On Day Of Remembrance, NASA Honors Fallen Astronauts The NASA Day of Remembrance honors the NASA astronauts and staff who gave their lives in the name of exploration. The day was postponed a week due to the partial government shutdown.
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On Day Of Remembrance, NASA Honors Fallen Astronauts

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On Day Of Remembrance, NASA Honors Fallen Astronauts

On Day Of Remembrance, NASA Honors Fallen Astronauts

On Day Of Remembrance, NASA Honors Fallen Astronauts

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  • <iframe src="https://www.npr.org/player/embed/692259061/692259062" width="100%" height="290" frameborder="0" scrolling="no" title="NPR embedded audio player">
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The NASA Day of Remembrance honors the NASA astronauts and staff who gave their lives in the name of exploration. The day was postponed a week due to the partial government shutdown.

STEVE INSKEEP, HOST:

Today, NASA, the space agency, marks its Day of Remembrance. Memorials are being held at NASA facilities around this country to honor astronauts and agency staff who sacrificed their lives for the mission. NASA administrator Jim Bridenstine says it's an important moment.

JIM BRIDENSTINE: We think about the human lives that were lost, but we also think about how the world is different today because of those sacrifices - different in a very good way.

DAVID GREENE, HOST:

Now, this Day of Remembrance had been originally scheduled for last week, but the partial government shutdown forced a delay. This event is held this time of year because of a twist of fate. Three deadly NASA accidents were clustered within the same week of the calendar, even though they were decades apart.

(SOUNDBITE OF ARCHIVED RECORDING)

UNIDENTIFIED PERSON: This is a CBS News Special Report.

MIKE WALLACE: America's first three Apollo astronauts were trapped and killed by a flash fire that swept their moon ship early tonight during a launch pad test at Cape Kennedy.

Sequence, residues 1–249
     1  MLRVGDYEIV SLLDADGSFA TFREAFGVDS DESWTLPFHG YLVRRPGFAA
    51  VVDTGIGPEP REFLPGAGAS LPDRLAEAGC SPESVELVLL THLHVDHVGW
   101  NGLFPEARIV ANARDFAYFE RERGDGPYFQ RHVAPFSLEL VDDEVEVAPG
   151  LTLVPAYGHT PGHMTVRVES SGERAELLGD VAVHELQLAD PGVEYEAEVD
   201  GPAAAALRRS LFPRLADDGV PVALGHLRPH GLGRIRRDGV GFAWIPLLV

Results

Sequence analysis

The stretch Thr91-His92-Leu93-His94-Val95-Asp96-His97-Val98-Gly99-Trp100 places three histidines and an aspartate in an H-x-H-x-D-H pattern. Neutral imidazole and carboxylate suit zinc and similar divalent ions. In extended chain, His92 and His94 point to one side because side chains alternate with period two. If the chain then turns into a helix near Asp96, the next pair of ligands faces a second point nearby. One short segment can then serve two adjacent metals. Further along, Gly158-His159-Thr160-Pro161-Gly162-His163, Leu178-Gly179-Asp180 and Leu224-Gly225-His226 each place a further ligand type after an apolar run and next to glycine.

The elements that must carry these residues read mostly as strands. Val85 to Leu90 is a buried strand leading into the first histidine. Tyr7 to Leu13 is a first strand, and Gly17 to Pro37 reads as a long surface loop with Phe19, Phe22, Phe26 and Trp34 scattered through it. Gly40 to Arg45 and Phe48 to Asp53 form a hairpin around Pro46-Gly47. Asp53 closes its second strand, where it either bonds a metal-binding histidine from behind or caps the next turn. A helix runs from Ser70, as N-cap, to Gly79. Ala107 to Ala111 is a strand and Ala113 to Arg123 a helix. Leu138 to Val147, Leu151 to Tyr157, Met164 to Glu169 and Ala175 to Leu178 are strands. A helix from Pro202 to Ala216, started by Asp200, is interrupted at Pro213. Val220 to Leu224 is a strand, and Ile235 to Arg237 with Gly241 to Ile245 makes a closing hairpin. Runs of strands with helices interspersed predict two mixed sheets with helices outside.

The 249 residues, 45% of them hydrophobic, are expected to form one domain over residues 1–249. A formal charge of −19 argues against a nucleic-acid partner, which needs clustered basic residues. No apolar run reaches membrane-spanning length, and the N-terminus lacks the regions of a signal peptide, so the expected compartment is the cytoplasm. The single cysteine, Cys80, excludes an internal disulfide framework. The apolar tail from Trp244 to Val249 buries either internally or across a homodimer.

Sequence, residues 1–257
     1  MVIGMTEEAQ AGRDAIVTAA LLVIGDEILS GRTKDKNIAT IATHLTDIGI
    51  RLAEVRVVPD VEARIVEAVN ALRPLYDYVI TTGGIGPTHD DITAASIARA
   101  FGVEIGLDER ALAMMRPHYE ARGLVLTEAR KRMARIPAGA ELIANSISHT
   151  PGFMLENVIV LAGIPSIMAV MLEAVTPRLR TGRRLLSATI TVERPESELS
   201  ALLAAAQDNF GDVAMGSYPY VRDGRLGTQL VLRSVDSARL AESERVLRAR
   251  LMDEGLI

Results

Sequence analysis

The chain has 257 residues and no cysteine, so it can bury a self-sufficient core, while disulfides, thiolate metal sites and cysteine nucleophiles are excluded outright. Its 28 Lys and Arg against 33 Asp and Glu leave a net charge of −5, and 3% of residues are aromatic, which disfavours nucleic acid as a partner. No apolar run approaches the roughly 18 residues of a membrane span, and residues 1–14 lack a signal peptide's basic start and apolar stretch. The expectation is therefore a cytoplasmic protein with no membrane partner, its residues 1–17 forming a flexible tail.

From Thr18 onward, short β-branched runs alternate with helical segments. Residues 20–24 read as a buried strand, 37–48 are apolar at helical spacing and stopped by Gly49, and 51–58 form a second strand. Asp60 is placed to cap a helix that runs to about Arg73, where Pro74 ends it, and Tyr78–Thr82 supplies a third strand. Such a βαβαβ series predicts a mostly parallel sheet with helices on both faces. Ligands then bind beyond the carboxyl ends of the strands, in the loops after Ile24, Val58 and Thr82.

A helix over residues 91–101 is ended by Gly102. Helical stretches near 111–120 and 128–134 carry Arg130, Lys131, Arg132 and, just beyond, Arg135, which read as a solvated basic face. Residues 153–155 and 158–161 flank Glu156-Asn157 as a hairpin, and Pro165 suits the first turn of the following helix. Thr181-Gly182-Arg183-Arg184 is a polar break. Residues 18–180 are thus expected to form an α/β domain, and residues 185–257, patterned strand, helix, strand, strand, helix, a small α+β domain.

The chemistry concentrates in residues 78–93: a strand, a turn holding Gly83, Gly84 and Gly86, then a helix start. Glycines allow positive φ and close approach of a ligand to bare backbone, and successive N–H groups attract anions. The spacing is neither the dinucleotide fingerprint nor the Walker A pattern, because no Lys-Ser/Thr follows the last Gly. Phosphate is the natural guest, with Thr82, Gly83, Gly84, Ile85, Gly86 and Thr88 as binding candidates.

INSKEEP: That was the distinctive voice of Mike Wallace of CBS News speaking on January 27, 1967. Astronauts Gus Grissom, Ed White and Roger Chaffee were killed. Their deaths were on the mind of President Ronald Reagan in late January of 1986 when he had to deliver difficult news to the nation.

(SOUNDBITE OF ARCHIVED RECORDING)

RONALD REAGAN: Nineteen years ago, almost to the day, we lost three astronauts in a terrible accident on the ground. But we've never lost an astronaut in flight. We've never had a tragedy like this.

GREENE: That 1986 tragedy he was talking about was the space shuttle Challenger bursting into flames 73 seconds after takeoff. Seven astronauts were killed. After the Challenger explosion, NASA instituted a series of reforms to make the shuttle program safer.

INSKEEP: But on February 1, 2003, a new generation was reminded of the risks of spaceflight. The shuttle Columbia disintegrated as it re-entered Earth's atmosphere after a mission and another seven astronauts died. Here's then-President George W. Bush.

(SOUNDBITE OF ARCHIVED RECORDING)

GEORGE W BUSH: The same creator who names the stars also knows the names of the seven souls we mourn today. The crew of the shuttle Columbia did not return safely to Earth, yet we can pray that all are safely home.

GREENE: Some of the voices from the history of the U.S. space program on this, NASA's Day of Remembrance.

(SOUNDBITE OF MAX RICHTER'S "ON THE NATURE OF DAYLIGHT")

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